Oregon Appeal Court rules that the Front Porch of Your House is a Public Place

At trial, at the close of the city's case, defendant moved for a judgment of acquittal. He argued that, although the shotgun was loaded when he greeted the police on the front porch, the city had failed to prove that the front porch was a "public place" within the meaning of the law. The trial court denied the motion and found defendant guilty of the offense.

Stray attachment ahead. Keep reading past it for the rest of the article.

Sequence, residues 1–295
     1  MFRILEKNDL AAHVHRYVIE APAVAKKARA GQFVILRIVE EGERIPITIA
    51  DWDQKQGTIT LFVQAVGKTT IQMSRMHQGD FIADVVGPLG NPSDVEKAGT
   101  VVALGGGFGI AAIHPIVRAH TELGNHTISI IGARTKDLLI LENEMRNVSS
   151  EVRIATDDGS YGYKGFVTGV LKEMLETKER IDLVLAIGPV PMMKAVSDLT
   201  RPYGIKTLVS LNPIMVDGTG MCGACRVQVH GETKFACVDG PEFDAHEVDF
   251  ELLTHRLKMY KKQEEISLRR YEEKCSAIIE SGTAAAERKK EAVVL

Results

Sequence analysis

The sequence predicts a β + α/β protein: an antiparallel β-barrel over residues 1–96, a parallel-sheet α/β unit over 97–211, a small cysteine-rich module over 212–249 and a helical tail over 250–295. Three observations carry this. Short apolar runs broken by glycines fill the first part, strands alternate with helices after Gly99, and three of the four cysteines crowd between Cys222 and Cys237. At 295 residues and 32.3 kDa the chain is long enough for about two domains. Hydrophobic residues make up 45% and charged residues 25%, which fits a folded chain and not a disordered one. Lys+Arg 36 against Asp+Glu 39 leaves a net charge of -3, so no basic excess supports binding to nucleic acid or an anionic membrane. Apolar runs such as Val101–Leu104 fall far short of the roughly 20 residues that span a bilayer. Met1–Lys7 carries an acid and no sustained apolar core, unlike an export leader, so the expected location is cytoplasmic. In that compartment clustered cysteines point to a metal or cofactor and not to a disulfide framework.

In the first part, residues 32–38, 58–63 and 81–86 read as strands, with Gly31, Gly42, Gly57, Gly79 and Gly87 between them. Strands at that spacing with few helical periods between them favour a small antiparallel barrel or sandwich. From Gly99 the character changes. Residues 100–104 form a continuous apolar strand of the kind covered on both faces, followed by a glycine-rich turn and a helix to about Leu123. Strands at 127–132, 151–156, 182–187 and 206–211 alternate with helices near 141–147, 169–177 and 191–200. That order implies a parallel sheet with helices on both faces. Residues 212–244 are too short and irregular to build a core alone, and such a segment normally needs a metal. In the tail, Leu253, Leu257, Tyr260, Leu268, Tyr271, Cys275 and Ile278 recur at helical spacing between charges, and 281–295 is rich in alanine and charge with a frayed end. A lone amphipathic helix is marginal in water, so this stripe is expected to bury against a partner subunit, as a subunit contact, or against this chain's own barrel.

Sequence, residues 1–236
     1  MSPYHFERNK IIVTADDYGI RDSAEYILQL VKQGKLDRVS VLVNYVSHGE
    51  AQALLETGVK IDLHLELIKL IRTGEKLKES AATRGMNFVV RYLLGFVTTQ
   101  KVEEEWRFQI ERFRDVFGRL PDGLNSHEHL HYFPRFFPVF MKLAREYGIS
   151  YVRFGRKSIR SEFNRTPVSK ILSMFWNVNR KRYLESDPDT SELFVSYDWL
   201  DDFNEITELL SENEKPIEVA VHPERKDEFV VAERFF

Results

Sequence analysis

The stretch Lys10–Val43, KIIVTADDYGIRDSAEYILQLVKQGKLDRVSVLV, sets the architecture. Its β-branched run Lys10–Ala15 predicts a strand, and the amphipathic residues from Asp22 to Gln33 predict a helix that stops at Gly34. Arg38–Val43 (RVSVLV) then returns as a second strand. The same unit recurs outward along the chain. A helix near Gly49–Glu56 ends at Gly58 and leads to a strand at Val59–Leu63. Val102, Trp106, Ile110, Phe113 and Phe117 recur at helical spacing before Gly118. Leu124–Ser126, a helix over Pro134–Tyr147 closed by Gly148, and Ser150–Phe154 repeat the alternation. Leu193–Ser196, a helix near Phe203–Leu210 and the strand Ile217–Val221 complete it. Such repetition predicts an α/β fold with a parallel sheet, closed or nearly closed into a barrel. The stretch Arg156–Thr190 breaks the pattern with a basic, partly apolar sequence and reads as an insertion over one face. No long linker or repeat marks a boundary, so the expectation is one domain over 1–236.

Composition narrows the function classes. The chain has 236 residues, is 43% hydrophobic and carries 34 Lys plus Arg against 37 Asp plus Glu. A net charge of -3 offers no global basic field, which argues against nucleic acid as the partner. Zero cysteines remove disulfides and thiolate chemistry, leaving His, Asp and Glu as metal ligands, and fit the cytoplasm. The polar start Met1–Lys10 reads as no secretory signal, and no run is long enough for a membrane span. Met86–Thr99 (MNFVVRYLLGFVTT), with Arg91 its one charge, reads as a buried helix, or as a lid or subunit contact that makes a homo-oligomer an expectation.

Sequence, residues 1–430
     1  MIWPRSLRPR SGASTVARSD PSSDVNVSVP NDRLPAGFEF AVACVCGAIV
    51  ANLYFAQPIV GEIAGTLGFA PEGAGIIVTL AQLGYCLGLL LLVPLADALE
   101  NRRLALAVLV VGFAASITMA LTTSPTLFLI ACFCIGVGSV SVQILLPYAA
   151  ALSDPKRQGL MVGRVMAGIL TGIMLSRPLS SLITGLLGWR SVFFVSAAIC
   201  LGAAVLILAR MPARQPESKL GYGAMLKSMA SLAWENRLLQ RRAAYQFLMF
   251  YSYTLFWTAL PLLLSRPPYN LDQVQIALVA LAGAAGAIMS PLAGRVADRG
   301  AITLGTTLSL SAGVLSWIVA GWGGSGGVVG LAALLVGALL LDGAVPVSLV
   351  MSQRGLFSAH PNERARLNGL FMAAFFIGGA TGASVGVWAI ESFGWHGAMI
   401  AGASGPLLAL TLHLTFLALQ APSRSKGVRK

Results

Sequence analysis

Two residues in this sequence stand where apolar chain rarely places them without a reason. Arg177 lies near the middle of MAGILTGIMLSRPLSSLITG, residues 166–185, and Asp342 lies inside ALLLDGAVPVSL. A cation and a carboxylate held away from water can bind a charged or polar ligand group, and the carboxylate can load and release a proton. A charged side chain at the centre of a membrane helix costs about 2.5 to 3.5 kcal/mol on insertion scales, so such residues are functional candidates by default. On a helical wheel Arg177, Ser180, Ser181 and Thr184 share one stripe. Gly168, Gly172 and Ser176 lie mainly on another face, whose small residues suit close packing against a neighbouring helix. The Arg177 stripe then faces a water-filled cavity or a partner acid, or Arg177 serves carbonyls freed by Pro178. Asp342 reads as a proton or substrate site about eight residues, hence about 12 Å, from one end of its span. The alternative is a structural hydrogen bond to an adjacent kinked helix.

On appeal, defendant argues that the trial court erred in denying his motion for a judgment of acquittal because, among other things, the city failed to prove that he had possessed the loaded shotgun in a "public place." The city contends that the trial court did not err, because the evidence was sufficient to establish that, when defendant stood on his front porch with the loaded shotgun, he was in a "public place" within the meaning of the city ordinance. . . .



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